How to choose the right helmet and goggles for you

How to choose the right helmet and goggles for you

Tuesday, December 10, 2019 8:46:45 PM Asia/Singapore

Skiing and snowboarding can be expensive sports purely due to the amount of accessories you need – gloves, ski socks, thermal layers, mid layers… and that’s before you even get to choosing a helmet and goggles.

Technically, if you want to go without a helmet and goggles, you can probably get by with wearing a beanie and a pair of sunglasses on the slopes.

But if you want to be warm, safe, keep your eyes protected and be able to see all the lumps and bumps in the snow – you’ll want to invest in a helmet and a pair of goggles that suit you best. It might take a bit of time and money to get your mittens on the right ones, but once you find your favourites, you’ll hesitate to ever let them go again. 

Convinced? Here are a few points to consider when shopping for each of the above:

The helmet

There’s really only one major thing to consider when it comes to a helmet, and that’s the fit.

A too-big helmet will slide around too much on your head and not be effective in the event of a fall; and a helmet that’s too small will be really uncomfortable to wear for long periods of time.

The best option is to try on a few helmets until you find one that’s snug without being tight. From there, you can opt for additional features, like choosing a helmet with plenty of vents, or one that connects to your phone to play music through in-built speakers.

If you already own a pair of ski goggles, it’s a good idea to try them on with your helmet to ensure that the two are a perfect fit; there’s nothing worse than a ‘gaper gap’ (a gap between your helmet and goggles, which  immediately identifies you as a bit of a newbie on the slopes).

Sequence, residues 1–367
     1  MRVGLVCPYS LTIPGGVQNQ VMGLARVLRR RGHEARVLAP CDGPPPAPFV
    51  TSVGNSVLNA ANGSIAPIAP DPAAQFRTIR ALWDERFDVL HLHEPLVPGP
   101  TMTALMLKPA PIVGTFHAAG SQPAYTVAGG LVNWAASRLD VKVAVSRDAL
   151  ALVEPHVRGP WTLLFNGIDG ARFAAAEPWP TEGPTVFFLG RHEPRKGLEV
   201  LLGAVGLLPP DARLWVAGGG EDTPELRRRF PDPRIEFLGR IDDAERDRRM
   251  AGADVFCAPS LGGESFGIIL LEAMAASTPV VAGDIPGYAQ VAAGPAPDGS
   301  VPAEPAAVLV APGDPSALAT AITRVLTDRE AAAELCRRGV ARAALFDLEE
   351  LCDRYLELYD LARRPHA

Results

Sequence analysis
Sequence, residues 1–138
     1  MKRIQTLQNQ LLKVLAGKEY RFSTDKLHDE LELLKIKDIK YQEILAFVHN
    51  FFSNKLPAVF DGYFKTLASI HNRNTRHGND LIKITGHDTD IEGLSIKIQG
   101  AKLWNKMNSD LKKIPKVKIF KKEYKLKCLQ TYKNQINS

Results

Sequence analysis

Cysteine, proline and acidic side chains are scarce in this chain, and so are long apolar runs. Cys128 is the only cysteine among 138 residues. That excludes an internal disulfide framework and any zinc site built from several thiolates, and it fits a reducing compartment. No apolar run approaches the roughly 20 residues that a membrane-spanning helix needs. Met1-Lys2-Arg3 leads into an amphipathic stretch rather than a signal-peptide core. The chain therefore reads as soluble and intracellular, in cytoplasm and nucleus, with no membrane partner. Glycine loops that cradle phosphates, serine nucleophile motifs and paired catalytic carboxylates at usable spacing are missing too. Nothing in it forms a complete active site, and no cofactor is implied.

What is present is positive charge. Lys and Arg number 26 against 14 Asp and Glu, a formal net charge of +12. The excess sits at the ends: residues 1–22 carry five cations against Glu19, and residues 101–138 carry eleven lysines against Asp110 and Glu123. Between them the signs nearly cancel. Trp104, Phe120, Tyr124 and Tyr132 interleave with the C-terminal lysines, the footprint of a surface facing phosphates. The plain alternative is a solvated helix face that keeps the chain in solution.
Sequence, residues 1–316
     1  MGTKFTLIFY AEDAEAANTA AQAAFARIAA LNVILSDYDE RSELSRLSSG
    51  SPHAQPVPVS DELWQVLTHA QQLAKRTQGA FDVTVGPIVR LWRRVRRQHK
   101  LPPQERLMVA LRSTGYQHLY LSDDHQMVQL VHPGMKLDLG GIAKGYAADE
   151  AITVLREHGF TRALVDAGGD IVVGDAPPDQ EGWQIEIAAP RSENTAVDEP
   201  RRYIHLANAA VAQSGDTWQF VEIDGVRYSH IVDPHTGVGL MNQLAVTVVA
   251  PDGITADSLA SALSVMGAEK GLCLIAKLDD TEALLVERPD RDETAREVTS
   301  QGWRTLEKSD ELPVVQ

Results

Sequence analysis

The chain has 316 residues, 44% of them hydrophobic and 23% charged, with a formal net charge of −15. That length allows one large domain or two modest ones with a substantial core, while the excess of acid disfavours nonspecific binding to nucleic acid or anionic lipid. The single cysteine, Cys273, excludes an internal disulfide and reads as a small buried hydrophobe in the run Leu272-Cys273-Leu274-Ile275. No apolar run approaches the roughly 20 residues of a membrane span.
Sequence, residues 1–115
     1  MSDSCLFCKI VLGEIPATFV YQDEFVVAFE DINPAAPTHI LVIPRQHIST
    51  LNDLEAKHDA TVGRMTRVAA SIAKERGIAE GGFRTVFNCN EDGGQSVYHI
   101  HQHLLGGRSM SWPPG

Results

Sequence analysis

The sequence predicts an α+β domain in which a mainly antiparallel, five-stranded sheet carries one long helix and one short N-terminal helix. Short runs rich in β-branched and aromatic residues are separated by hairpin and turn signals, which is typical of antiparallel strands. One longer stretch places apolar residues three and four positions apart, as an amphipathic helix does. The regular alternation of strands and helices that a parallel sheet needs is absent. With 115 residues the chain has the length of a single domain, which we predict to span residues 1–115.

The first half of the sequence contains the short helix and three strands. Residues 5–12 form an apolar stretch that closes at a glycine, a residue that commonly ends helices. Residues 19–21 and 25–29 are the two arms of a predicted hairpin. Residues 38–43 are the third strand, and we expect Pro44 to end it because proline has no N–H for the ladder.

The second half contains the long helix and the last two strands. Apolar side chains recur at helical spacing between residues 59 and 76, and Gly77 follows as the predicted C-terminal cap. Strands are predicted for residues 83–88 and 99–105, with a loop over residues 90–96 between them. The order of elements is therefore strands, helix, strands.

Hoping to re-use your bike helmet on the slopes? Unfortunately the two aren’t all that compatible - you won’t have the right warmth or the all-important ear flaps to keep you warm. However, those new to helmets will be pleasantly surprised that they’re often much warmer than wearing just a beanie. 

Just be sure to replace your helmet if you do happen to have a big fall and hit your head – the inner liner can get compressed, making them unlikely to help you in the occasion of your next fall. And avoid purchasing second-hand helmets, just because you don’t know whether they’ve had a significant fall or not.

The good news is that while helmets don’t make you invincible, they do go a long way in protecting your precious noggin’ from rocks, ice and even other people. 

The goggles

Looking for style points on the slopes? You can branch out a little with a goggles purchase; there are so many fun straps and frames on the market at the moment, with endless options available to look ‘steezy’ on the slopes. 

Start by finding the right size frame for your face, although you can go for more of an ‘oversized’ look if that’s your preference, as long as the goggle still fits the sides of your face well and doesn’t completely swamp your nose (which makes it, you know, a little tough to breathe).

There are a few options for lenses, and it’s ideal to get a pair of goggles that allow you to switch lenses. Although you’ll pay more initially, you’ll also have way more versatility, and you can keep the alternative lens in your jacket pocket in case the weather suddenly changes. Plus, if your lenses get scratched up, you don’t have to replace the entire goggle.

For those low-light, overcast days, opt for a pink or orange lens; for those really sunny days where there’s a lot of glare on the snow, get a blue or darker tinted lens. If you’re looking for all-round versatility, yellow lenses are decent for both snowy and sunny conditions while increasing your depth perception. Some manufacturers are now even offering transitional lenses, much like the technology in transitional glasses, which saves you from having to switch the lens over. 

As for the dreaded lens fog? We have a solution for that. Avoid ever touching the inside of your lens; just shake out any snow if it happens to get in there, and let them air-dry. Most lenses have an anti-fog surface incorporated and this will damage them. Also, don’t put them up on your forehead if you’re just wearing a beanie – but you can happily pop them up on your helmet if need be.

Still looking for guidance? Drop into For Outdoors to find the perfect helmet and goggles for you; or arrange for the team to get you fitted at the FOD showroom in Bukit Timah.